Earthquakes and Aftershocks: Race, Direct Democracy, and Partisan Change

Authors


  • This is a revised version of a paper presented at the 2004 Annual Meeting of the Western Political Science Association, Portland, Oregon. Authors' names are presented alphabetically. We thank Matt Whittaker for his helpful research assistance.

Shaun Bowler is professor of political science, University of California, Riverside, 900 University Avenue, Riverside, CA 92521 (shaun.bowler@ucr.edu). Stephen P. Nicholson is assistant professor of political science, Georgia State University, University Plaza, Atlanta, GA 30303 (polsxn@langate.gsu.edu). Gary M. Segura is associate professor of political science, University of Washington, Box 353530, Seattle, WA 98195-3530 (gmsegura@u.washington.edu).

Abstract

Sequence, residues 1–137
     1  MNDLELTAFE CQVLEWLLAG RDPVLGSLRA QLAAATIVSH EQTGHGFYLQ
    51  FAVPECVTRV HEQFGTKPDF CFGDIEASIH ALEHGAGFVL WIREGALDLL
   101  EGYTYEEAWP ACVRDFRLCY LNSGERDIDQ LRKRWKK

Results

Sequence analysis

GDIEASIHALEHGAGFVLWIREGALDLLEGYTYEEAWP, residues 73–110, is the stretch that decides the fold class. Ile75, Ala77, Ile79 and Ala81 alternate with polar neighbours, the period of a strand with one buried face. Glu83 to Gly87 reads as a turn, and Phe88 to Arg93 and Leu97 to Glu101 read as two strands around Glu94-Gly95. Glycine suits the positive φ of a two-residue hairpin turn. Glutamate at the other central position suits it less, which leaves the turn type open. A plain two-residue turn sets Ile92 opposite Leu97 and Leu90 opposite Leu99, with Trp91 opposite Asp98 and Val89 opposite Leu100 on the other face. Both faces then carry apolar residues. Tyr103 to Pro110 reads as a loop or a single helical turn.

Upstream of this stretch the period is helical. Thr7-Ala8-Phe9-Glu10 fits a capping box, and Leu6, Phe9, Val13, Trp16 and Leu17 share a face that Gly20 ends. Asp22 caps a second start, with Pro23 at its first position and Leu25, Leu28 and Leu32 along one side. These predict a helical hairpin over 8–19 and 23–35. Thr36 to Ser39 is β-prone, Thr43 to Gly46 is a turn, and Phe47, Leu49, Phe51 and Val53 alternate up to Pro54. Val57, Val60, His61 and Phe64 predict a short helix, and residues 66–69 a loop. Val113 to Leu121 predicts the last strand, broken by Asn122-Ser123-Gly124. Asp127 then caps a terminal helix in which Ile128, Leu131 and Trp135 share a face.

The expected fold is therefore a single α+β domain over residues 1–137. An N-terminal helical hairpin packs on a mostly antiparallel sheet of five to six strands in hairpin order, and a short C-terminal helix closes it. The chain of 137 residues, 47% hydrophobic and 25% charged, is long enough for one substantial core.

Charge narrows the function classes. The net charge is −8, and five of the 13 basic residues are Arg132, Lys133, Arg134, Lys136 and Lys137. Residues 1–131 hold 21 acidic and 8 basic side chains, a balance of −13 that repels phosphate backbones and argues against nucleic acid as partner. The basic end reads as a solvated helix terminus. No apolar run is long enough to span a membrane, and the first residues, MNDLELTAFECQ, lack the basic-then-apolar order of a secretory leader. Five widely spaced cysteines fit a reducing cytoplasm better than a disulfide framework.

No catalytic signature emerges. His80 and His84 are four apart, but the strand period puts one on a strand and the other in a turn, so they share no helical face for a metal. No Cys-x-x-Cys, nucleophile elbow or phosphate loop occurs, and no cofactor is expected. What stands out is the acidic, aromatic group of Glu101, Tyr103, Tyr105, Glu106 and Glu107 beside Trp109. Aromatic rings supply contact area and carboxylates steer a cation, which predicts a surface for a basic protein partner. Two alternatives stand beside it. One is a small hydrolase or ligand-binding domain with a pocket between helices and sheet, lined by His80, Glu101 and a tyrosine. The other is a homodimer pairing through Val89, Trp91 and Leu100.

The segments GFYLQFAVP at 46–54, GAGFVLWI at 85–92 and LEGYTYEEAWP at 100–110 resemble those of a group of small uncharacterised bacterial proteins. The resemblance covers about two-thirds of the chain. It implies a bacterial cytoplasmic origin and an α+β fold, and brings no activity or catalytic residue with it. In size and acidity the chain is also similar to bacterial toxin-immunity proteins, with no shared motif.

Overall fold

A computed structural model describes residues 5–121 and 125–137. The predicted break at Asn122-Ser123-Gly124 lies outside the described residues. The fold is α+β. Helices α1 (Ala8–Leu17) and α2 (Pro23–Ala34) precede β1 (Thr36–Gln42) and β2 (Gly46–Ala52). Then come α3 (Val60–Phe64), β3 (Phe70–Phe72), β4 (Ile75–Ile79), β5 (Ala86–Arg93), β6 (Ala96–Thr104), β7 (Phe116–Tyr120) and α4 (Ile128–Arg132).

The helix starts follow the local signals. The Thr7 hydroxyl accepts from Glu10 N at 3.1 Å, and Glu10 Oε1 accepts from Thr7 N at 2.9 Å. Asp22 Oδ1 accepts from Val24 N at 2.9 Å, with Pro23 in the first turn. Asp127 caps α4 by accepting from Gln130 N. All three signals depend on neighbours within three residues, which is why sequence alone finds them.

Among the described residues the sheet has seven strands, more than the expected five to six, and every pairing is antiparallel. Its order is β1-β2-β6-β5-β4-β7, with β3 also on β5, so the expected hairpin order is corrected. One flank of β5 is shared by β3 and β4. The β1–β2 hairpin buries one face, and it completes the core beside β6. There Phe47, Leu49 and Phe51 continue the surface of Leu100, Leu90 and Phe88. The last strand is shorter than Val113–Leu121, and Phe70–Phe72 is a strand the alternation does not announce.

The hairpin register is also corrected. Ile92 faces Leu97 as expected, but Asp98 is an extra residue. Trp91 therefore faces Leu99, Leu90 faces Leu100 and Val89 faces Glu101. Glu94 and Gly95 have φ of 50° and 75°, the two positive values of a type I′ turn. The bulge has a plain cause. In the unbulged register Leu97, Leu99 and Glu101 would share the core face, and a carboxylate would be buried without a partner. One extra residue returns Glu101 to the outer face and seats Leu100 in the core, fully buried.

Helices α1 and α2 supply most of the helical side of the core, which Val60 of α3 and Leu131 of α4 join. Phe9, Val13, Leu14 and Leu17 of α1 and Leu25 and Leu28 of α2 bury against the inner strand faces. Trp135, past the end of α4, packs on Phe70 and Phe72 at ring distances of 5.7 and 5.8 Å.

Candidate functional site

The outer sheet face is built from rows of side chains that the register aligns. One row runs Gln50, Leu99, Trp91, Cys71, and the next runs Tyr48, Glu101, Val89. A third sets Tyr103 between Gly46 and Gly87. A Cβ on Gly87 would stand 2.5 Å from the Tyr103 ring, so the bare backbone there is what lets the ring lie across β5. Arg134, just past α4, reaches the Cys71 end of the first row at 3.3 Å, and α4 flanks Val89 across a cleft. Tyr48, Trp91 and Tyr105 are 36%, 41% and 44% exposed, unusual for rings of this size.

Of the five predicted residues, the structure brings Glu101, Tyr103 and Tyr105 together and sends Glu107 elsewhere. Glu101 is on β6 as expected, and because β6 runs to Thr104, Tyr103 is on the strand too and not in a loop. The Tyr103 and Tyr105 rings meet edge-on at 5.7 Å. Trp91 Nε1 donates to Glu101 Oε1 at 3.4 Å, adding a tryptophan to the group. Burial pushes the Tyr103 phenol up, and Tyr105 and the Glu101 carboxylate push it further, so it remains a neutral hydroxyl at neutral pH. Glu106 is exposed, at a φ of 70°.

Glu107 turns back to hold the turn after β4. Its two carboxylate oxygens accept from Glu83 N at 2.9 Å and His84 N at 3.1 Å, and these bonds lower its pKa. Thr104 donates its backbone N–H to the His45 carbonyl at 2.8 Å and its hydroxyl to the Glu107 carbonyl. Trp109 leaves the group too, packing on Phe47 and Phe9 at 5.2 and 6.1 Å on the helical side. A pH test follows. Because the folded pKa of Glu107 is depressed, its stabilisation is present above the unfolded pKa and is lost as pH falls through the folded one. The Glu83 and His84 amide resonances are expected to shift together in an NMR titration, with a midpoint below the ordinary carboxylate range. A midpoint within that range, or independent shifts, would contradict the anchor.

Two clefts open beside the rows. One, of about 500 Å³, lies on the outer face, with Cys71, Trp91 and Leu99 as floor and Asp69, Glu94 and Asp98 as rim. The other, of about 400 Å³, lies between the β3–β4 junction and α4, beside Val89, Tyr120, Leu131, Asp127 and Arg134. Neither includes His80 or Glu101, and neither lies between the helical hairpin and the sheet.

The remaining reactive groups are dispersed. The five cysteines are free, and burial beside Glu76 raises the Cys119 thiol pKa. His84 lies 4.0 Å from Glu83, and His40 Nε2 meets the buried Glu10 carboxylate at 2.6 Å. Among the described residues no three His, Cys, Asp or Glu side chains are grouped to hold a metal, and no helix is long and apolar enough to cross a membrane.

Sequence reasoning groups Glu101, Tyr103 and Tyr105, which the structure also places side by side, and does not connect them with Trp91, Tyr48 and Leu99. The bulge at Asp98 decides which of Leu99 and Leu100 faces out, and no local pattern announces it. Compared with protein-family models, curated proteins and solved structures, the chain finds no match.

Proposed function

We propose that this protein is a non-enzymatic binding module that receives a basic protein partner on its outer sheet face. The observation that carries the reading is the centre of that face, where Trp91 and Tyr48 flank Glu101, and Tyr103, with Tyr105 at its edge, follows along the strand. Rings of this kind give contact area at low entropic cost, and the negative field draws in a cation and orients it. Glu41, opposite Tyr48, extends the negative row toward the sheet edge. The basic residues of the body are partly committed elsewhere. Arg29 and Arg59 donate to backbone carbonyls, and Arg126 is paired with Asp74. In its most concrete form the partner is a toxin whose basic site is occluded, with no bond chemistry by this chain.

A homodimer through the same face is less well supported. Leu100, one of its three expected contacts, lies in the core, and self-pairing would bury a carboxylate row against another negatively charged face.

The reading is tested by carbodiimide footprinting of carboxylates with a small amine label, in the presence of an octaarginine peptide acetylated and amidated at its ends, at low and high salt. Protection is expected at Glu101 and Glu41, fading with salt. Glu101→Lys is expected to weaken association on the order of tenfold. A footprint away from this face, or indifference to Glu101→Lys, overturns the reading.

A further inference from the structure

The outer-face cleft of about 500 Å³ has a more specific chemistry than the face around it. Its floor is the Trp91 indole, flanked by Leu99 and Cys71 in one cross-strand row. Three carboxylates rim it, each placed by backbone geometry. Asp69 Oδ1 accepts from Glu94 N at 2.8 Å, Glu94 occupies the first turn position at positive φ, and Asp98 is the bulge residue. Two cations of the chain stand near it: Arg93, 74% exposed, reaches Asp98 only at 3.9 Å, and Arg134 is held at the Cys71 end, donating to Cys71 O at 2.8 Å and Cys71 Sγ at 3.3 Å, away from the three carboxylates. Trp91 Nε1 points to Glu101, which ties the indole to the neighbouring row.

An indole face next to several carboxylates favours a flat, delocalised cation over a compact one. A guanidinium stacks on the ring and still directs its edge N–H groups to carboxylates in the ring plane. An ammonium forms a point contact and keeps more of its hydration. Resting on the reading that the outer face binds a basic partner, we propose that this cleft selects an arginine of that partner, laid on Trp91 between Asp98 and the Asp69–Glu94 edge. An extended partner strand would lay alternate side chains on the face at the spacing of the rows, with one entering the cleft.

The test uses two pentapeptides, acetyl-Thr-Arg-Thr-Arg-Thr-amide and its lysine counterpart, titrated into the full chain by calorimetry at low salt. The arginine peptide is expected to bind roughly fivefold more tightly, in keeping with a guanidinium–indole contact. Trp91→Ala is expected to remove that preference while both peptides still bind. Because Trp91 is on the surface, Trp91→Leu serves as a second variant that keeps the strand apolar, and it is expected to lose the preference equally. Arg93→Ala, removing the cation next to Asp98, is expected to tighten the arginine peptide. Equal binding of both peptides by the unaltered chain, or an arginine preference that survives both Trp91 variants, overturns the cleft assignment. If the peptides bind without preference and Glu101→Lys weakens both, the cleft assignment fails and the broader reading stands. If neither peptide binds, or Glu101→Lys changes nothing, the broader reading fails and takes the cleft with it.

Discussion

Although dramatic partisan change among the electorate is infrequent, the issue agendas of parties may produce large shifts. A major cause of such change is the politics of race. In a political environment charged with racially oriented issues, racial groups often align themselves with different parties (as witnessed most recently in the American South). Yet, if racial appeals violate norms of equality, these appeals may rebound on the party using them. Consequently, members of the (white) racial majority and racially targeted minority may both move away from the offending party. Using data from the California Field Poll, we find that racially charged ballot propositions sponsored by the Republican party during the 1990s in California reversed the trend among Latinos and Anglos toward identifying as Republican, ceteris paribus, by shifting party attachments toward the Democratic party. Our results raise serious questions about the long-term efficacy of racially divisive strategies for electoral gain.

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